10. Agriculture

    I like both the weed proposals - the one where weeds grow on fallow blocks, and also the one of pixels above. The pixels above isn't all that great visually - it'll end up looking like some weird floating layer of slime. But I suppose it may be logistically easier than having a weed graphic superimposed over the crop at a 45 degree offset, much less a multi-stage weed graphic that must coexist with various crop stages. It'd sure look better that way though. The thing I like about fallow block weeds, is that it would provide another use for the plow. By planting in long parallel rows, the player could use the plow to plow up weeds in long stretches between the rows. Then a hoe for weeds on the crop blocks. You'd need to encourage this kind of planting though. So in terms of discouraging mass-planting, maybe say that any crop block with more than two adjacent crop blocks is more prone to disease. At the same time, say that plants that don't have adjacent farm land on all 4 sides grows slower. This discourages the player from just having single rows of plowed ground with grass between in order to avoid fallow ground weeds. It does beg the question of whether water should be ok as one of the four sides, but if that's allowed then people will probably dig big water-filled trenches between their crops to stop the weeds. So I'd go with only farm ground counts. Irl, too much water is as bad if not worse for crops than too little. I also agree that it'd probably be good if freshly plowed/hoed ground did not have a full nutrient stack, in order to encourage fertilizing. I kind of like the idea of seeds coming from produce, to force that choice, at least in the early game. maybe at high skill levels the player gets seeds just from harvesting as well. The hoe speed by tier could be somewhat approximated by having an animation similar to a firestarter, ya? And it only has a percent chance to work? And the chance is higher per tier of the hoe? That way on average it could take more time using lower tier hoes. Between that and weeding, I think you'd definitely have plenty of durability use for hoes. For animals and plows, even if they can't be hooked directly, maybe using the plow checks to make sure there is a draft animal (with yolk and harness?) of some kind within a certain radius of the player? Then they at least need to have one nearby. So the player would probably at least want to keep it on a lead so it doesn't wander out of radius. At the same time, farm animals should eat crops above a certain maturity if they get the chance. Just so the player doesn't permanently leave cows in their fields so as not to worry about moving them during planting time. For a plow minigame (if it uses one) you could have a vertical scrolling graphic maybe, and it has dirt tiles (in plow mode) or weed pixels (in weed mode) all over. As it scrolls down the player clicks as many pixels/tiles as possible before they scroll off the bottom. Depending on the percent they get, this is the pecent of tiles tilled/weed destroyed in the line. Plow tier, player skill, and draft animals strength might all slow down the scroll speed, making it easier to get everything (but give the player speed up option if it's going too slow for them). And/or, they might increase the target area of the click, making it easier to hit the moving targets. Non-stacking seeds would be kind of drastic. But I guess maybe that might be a good use for burlap - a seed sack. So you keep the seeds in a seed sack, and when you're planting you hold the seed sack, right click the sack on the ground, and it just plants the next seed in line? Seems doable. Before seed sack tech, you're stuck with manually removing them from jars and putting them on the hotbar. And yes, I think that high player skill would be the good easy way to tell what seeds have special traits. You could maybe deduce it earlier if you carefully observed that some plants have less disease, or grew better in drought. I do see a possible gameplay disadvantage to this; For me, my early game is basically me traveling a long ways until I find that perfect spot. Along the way I gather various seeds, bushes, and fruit trees. The result being I usually am well stocked in growables by the time I find my home. I definitely believe that fruit producers should not be easy to mass-collect, given that they're kind of a later tier food item. But crop seeds, by making them not stack, the player will not be able to collect many in early wanderings. Now I'm all for it, as it would either make the player settle earlier, or take more risks on transient food sources until they find their ideal spot. Then range from that spot in seed collecting trips. I just hope that wouldn't turn off too many people. The harder it is overall, the smaller the audience will be. On the other hand, it would probably help encourage towning, to avoid that hard early game. If we had more uses for crops, it would help in terms of keeping farming useful in the later game. One way to do this might be to allow the player to feed crops to animals, and this is much better for the animals than just grass. Also, if villagers make it in, and you can trade with them, produce items might be a trade currency.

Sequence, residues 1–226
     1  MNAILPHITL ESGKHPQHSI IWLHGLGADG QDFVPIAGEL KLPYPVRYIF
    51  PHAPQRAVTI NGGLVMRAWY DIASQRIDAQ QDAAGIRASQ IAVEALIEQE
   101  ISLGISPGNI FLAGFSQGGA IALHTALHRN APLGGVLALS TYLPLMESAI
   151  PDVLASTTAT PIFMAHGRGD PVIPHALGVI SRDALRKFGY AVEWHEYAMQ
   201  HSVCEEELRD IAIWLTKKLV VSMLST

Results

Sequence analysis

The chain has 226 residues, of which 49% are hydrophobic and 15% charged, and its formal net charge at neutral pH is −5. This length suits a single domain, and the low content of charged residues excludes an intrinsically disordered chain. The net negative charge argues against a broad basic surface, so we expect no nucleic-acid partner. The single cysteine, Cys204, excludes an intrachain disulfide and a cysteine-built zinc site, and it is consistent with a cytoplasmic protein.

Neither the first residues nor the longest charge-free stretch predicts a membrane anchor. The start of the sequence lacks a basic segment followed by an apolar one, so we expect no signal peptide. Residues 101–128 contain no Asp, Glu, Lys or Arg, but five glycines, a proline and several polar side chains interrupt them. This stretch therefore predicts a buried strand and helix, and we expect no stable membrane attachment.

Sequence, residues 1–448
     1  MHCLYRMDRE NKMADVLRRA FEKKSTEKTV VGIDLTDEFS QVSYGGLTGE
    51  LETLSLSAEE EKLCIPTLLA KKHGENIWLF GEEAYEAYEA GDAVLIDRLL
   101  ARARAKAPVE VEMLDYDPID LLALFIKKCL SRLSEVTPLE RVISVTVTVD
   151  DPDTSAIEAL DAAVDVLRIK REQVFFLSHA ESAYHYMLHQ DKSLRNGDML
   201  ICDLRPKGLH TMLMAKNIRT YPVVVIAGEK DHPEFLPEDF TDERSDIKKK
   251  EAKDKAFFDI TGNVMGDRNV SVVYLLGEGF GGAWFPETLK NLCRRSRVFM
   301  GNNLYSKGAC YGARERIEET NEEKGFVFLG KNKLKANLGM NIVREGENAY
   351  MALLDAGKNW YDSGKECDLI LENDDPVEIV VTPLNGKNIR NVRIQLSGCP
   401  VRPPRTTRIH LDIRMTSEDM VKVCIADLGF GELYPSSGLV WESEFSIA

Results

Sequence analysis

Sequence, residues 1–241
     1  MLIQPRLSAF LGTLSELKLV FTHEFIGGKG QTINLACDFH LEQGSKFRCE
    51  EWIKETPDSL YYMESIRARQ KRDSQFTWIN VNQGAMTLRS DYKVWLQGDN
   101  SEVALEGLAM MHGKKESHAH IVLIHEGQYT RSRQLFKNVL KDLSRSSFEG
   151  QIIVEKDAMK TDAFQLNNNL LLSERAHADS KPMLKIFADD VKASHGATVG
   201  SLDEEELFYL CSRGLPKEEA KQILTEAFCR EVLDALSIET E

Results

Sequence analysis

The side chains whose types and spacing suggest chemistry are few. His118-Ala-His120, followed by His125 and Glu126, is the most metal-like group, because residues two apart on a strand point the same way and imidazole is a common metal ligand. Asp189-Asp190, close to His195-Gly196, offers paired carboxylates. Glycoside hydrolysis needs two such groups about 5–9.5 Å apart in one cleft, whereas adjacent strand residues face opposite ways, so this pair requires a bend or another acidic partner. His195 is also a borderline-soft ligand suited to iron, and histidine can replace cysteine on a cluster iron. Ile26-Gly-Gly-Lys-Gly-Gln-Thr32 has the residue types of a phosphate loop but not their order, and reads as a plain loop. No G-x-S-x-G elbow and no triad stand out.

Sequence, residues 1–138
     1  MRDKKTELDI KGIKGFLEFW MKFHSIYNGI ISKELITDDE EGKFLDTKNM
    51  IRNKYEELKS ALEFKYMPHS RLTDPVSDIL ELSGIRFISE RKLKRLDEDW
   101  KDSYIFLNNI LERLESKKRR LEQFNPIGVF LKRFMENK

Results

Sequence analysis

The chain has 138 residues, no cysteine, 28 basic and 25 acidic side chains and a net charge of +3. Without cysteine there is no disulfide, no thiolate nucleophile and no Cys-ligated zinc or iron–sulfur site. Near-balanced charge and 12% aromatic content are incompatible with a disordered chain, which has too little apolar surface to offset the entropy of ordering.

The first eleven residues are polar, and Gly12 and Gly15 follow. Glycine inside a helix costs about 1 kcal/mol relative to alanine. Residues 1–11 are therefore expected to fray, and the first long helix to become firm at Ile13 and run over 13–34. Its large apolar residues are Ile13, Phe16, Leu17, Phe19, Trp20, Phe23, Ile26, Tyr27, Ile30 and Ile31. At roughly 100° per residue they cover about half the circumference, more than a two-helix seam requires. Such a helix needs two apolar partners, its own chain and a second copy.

11. Traps might be a bit like sluices in that they only return minor results. But you don't have to bait a sluice. So if the trap require 1 piece of food to bait and you get max 4 or 5 pieces back, that's probably not too unbalancing. Especially if a trap stores a skill variable when set, and so in early game it's more prone to 2-3 piece return. Plus if it wears out over time. Also if the trap only catches 1 fish at a time, that balances it better. Plus reeds might not be renewable, so there might be a diminishing resources factor. Or if the traps require string, there's that. I think they could be well balanced. I'm guessing the plan is for undead to be much less common, not the ubiquitous threat they currently are. protecting a chunk secret with traps would be hard, since the evidence would be there for anyone to see. But if you could get the same special prey via fishing or spear fishing with special bait, that would make traps a sort of exploratory tool, and then once you find special stuff, you catch it with spear, line, or net, if you don't want to leave evidence for others to find.